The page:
All of this is well known to modern military historians and leaders: John Nelson makes an excellent case for its ongoing utility, and the excellent suggestion has also been made that its principles of decentralization, adaptability, independence, and lack of paperwork would probably be useful in reforming non-military bureaucracy. It has already been used and advocated in business, and its allowance for creativity, innovation, and reactiveness to ongoing complications gives new companies an advantage over ossified and bureaucratic ones (I am reminded of the last chapter of Parkinson’s Law, which roughly states that once an organization has purpose-built rather than adapted buildings it has become useless). However, I want to throw in my two cents by examining pre-Prussian applications of Auftragstaktik, in part to show that the advantages of decentralization are not limited to certain contexts, and in part because they give valuable insight into the impact of social structures on military ability and vice versa.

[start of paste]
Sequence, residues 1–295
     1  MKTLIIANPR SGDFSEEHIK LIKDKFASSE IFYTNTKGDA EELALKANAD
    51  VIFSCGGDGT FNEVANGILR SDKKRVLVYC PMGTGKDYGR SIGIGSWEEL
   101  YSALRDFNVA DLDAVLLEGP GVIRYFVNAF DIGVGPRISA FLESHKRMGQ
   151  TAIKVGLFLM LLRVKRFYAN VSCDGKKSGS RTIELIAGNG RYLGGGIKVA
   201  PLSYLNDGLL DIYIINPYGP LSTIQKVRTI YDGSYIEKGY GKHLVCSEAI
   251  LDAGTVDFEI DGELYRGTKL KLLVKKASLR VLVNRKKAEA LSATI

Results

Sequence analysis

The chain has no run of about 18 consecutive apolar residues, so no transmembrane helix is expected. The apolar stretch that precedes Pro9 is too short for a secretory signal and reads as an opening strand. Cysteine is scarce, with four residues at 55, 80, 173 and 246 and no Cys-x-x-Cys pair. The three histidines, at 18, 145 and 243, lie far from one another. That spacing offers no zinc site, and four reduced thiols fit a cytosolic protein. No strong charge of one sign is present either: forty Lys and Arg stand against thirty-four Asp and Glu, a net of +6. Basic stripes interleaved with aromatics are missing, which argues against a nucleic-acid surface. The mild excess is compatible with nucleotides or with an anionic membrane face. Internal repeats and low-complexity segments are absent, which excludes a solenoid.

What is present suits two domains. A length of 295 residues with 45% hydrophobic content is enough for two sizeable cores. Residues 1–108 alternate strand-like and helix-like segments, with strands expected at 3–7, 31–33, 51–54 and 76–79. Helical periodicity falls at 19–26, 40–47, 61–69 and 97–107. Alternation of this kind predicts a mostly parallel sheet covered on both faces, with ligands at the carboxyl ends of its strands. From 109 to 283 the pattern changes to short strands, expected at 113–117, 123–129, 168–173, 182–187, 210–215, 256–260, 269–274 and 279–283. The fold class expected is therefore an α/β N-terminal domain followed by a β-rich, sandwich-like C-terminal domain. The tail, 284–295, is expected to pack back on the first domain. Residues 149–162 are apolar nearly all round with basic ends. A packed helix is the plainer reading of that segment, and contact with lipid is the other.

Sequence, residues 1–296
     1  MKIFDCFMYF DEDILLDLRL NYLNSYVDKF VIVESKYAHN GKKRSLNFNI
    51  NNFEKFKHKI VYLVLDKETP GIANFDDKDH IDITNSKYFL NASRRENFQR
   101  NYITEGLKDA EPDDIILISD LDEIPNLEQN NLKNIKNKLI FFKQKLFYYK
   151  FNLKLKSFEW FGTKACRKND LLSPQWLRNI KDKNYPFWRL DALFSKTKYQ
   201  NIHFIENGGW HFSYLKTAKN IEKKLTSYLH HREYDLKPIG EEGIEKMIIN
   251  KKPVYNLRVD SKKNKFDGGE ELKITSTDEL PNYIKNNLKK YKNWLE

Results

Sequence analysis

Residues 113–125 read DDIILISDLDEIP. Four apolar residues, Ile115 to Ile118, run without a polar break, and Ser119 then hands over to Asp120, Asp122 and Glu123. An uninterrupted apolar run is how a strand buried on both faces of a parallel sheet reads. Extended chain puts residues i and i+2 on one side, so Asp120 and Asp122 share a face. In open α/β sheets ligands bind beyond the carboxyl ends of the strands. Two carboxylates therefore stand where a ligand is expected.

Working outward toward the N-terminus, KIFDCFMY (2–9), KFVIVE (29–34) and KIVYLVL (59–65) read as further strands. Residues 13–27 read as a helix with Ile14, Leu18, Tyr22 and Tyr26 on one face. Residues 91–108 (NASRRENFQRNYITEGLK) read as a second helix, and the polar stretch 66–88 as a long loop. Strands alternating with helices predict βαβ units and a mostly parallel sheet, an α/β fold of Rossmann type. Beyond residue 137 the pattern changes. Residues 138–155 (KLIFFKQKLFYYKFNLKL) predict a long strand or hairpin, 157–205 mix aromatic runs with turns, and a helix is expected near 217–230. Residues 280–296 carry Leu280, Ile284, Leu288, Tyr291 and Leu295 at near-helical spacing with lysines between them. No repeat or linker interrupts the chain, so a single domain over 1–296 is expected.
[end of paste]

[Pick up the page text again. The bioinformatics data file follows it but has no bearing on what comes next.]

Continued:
An army survives and grows, physically, intellectually and spiritually through its risk-takers. I do not here support the breaking of regulations, or the placing of soldiers in training under unnecessary, or unjustifiable, risk. We have, however, lost our capacity to seek the edge of the allowed envelope. Take, for example, the infantry. I have met over the years many of my own peers who avoid anything to do with field firing, the live fire training of soldiers in tactical scenarios. They achieve this by allowing their own skills to degrade and permitting the willing and capable few to always step in. Field firing ‘by the book’ is not dangerous; it can be the best training a soldier will experience. These officers avoid the challenge not because of the risk to the soldiers, but because of the perceived risk to their own careers if something goes wrong. Risk-takers challenge the comfortable warmth of the status quo; they are willing to trade their potential within the hierarchy for accepting a degree of responsibility the bureaucracy has decided to find distasteful. Even legitimate risk-takers disturb the hierarchy because they refuse to "stay in the box." And there’s no risk-taking, or Auftragstaktik, in the box.